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post #7 of 13 Old 02-10-2020, 08:01 AM
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not sure how proficient you are with a router, and your bit collection. there doesn't appear to be anything there that multiple passes on a router table and the correct bit wont accomplish. if not perfectly, darn close. realize that many times mouldings are stacks of smaller mouldings - that helps accomplish the profile.
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post #8 of 13 Old 02-10-2020, 08:51 AM
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First of alll......

Do you intend to make these on a router table?
If so, then you will need the appropriate bits from a place like this:
https://www.eagleamerica.com/prod_de...gaAkGHEALw_wcB
OR here:
https://www.mlcswoodworking.com/shop...QaAsOrEALw_wcB


You will end up combining different sections possibly using one like this:
https://www.mlcswoodworking.com/shop...0sill%20anchor





This is how the custom look is achieved. It's better if you have actual cut sections from the existing molding to match up rather than just a photo. All of John's advice above is spot on. Before investing time or buying any router bits, get a firm contract with lengths and prices (estimated by you of course). this will take some energy and some calculations, but that's just a part of the business..

The answer to your question will only be as detailed and specific as the question is detailed and specific. Good questions also include a sketch or a photo that illustrates your issue. (:< D)

Last edited by woodnthings; 02-10-2020 at 09:01 AM.
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post #9 of 13 Old 02-10-2020, 03:33 PM
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Milling with a router is often a catch 22 situation, you can't show an actual sample unless you have the bits to make the parts and you can't buy the bits unless you know the profile you need. If you can use stock molding then it is just a matter of picking up short lengths to mock up a sample, some places actually have free sample to do this.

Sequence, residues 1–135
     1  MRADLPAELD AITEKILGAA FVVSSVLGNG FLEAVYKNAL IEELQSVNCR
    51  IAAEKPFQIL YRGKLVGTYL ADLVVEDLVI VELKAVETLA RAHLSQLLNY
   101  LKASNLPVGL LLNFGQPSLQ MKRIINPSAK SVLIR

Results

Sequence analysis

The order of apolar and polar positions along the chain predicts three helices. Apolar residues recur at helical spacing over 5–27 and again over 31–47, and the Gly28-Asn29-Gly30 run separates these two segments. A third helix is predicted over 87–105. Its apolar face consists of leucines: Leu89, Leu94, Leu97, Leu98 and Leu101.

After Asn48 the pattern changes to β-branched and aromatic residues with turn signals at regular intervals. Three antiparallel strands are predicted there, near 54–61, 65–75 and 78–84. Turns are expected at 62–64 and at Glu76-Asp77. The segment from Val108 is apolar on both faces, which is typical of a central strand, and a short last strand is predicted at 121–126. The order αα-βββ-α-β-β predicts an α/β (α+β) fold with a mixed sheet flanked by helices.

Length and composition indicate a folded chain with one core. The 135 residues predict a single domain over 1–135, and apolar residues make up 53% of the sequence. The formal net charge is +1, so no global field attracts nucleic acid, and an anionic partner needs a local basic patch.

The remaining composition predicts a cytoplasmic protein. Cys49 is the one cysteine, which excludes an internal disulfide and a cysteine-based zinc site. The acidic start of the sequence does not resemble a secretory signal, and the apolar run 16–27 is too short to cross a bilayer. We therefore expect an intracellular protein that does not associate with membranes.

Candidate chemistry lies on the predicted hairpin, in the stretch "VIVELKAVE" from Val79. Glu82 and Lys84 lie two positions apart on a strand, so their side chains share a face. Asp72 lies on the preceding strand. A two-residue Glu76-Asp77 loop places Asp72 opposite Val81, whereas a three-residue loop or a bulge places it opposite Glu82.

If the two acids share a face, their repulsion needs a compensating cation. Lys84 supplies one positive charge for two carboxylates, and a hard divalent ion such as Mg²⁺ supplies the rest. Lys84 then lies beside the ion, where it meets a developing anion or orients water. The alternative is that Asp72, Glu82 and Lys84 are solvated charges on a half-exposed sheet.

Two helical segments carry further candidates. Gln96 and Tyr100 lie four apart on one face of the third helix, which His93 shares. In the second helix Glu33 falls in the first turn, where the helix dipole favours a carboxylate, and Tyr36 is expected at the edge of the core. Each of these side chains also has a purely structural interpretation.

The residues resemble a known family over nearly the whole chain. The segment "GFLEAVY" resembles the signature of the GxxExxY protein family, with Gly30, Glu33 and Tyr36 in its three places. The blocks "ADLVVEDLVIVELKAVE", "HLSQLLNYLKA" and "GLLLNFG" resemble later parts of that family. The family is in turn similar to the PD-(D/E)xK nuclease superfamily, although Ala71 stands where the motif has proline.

It often comes down to using salesmanship in these cases and if that doesn't work sometimes it is a good idea to just walk away.
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post #10 of 13 Old 02-10-2020, 05:59 PM
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Not talking about money. Not talking about time. Just talking about how too.

Looking at what 'woodnthings' dug up, you are probably going to need 4 or 5 bits. From the cost of router bits in general, I'm guessing $350 total.

The bottom molding looks like a trim from HD or Lowes on the top edge, a piece of white wood, a piece of half round and a round toe cap. With a glue roller, some TB-III and your pin nail gun you'll build it one layer at a time.

The top piece looks like, again, white wood for the wall and a bull nosed shelf and getting creative with some routing.

The big message here is that you aren't going to find any pre-made pieces to match the picture. If you are expected to match existing, you are going to be in Dante's Inferno. If you are creating new you're looking at a lot of work in the shop making the parts. In either case it is one heck of a lot of work. If I were asked to do it, the price would be $20 per foot as a minimum. And that assumes a couple hundred feet. Remember the first 20 feet are eaten up in router bit costs.
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post #11 of 13 Old 02-10-2020, 07:23 PM
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Ok, then let's purchase them ......

Having been in this mill myself and having seen the wall display of their 1300 moldings, I'm certain they would either have what you need or make a cutter for the project.
https://www.armstrongmillworks.com/moldings.aspx


https://www.woodworkingtalk.com/atta...2&d=1522804134


https://www.woodworkingtalk.com/atta...0&d=1522804134


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The answer to your question will only be as detailed and specific as the question is detailed and specific. Good questions also include a sketch or a photo that illustrates your issue. (:< D)
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post #12 of 13 Old 02-11-2020, 12:24 AM Thread Starter
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All of you guys are awesome for helping me out. I believe I've come up with a solution to my problem. I'm not good enough with a router to try it. It's been something I know that I should get better at. I've digested everything you've told me. I sold a few changes to the customer and she loved the ideas. It will be a few weeks when I do the job. I will post pics and see what you guys think. I'm new here but based on your responses I know that I can find help if I need it. Thanks again.


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post #13 of 13 Old 02-13-2020, 09:31 PM
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I’m a day late and a dollar short, but I found this piece at Home Depot.

1-3/16 in. x 1-3/4 in. x 96 in. Primed MDF Panel Cap Moulding

https://www.homedepot.com/p/205576679